1222 GMT April 04, 2020
Environment agencies in England and Wales on Tuesday declared 10 severe flood warnings, meaning there is an immediate danger to life, for the rivers Severn Trent, Wye and Lugg. More than 180 less severe flood warnings were also in place, AP reported.
Britain also issued severe flood warnings Monday, advising of life-threatening danger after Storm Dennis dumped weeks' worth of rain in some places. A woman was found dead after being swept away by the floodwaters, the storm's third confirmed victim.
The fierce weather upended travel plans for thousands of British families trying to get away on the mid-winter school break.
To the east, Dennis' gale-force winds also left nine people injured in Germany as their vehicles crashed into broken trees littering roads and train tracks. Flooding and power outages were reported elsewhere in northern Europe, nytimes.com reported.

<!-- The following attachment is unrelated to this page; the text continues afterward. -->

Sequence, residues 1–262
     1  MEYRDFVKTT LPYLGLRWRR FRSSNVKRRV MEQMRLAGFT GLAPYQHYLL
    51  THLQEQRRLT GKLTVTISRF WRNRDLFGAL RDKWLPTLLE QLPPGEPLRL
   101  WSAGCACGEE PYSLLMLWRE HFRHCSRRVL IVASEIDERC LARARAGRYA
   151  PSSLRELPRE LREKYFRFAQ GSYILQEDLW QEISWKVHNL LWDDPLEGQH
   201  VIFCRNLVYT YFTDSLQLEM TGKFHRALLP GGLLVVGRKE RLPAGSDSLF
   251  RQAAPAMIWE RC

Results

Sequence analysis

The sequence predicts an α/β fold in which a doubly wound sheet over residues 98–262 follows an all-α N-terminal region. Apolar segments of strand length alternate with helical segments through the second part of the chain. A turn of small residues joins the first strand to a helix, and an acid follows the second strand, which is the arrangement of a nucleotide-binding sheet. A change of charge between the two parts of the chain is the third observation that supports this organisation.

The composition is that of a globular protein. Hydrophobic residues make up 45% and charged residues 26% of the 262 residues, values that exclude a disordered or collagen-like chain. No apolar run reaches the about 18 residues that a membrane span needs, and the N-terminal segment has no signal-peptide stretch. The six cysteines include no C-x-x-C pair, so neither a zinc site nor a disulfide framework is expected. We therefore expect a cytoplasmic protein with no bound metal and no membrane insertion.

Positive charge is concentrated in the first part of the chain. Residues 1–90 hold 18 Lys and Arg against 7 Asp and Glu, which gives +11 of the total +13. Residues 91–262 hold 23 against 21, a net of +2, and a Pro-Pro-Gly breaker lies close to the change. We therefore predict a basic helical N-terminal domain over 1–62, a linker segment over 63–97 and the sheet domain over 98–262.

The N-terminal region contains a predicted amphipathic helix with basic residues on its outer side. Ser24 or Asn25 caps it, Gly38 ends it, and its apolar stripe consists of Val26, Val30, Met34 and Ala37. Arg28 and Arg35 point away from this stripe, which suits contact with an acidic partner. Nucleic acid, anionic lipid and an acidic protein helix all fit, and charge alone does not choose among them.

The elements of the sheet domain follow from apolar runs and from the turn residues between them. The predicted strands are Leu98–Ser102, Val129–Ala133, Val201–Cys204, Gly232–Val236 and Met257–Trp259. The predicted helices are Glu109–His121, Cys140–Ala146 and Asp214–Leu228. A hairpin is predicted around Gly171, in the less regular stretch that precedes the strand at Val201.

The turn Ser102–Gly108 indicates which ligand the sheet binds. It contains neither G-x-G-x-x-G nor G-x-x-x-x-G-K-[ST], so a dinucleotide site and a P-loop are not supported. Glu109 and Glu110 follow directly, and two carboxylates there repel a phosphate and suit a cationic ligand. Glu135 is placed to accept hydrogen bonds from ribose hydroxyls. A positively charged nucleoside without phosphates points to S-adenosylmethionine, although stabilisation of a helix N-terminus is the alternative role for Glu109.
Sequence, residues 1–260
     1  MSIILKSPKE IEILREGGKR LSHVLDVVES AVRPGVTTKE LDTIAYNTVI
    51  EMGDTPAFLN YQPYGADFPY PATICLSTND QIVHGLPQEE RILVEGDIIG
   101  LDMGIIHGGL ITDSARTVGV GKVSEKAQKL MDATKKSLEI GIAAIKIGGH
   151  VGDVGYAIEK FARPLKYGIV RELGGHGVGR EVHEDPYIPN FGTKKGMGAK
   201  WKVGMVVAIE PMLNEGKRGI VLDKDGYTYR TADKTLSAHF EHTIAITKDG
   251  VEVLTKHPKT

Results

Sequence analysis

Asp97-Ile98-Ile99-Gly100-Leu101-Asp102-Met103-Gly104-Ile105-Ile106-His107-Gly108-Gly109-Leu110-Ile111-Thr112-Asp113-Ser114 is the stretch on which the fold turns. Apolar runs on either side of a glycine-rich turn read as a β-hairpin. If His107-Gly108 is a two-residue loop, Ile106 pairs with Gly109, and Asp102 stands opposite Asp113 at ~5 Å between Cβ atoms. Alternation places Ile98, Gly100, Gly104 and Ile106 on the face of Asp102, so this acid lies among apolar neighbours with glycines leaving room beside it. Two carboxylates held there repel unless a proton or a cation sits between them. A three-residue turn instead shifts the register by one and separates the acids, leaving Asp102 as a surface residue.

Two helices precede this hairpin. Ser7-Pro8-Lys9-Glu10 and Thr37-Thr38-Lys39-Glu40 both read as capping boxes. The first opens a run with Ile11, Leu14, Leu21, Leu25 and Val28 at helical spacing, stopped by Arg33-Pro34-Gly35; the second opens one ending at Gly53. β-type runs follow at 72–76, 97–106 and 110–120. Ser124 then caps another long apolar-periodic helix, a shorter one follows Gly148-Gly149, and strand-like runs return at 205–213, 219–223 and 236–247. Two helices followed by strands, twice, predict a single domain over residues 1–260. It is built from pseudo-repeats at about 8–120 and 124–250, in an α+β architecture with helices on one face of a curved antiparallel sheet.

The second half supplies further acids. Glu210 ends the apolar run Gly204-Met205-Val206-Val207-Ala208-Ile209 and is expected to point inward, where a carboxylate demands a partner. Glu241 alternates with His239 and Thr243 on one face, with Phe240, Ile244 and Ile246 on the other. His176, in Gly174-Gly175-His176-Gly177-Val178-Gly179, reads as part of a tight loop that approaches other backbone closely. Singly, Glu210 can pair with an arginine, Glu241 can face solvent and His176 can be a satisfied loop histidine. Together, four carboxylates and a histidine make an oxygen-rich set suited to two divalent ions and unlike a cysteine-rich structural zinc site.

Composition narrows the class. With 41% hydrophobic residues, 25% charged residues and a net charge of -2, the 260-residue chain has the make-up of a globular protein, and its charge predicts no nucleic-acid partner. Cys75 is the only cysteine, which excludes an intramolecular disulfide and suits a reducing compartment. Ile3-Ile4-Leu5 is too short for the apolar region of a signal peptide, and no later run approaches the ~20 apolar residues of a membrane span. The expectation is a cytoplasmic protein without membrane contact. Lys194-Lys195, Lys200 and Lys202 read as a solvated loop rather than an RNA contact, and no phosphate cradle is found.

By Monday evening, Britain's Environment Agency issued seven severe flood warnings in the central English counties of Herefordshire, Staffordshire and Worcestershire. Another 200 lower-level flood warnings were also in place, meaning that flooding was expected.
Some 480 flood warnings and alerts were issued across England on Monday, the highest number on record, the agency said.
The storm's confirmed death toll rose to three as West Mercia Police said a body had been found in the search for a 55-year-old woman who had been missing near Tenbury in Worcestershire since Sunday.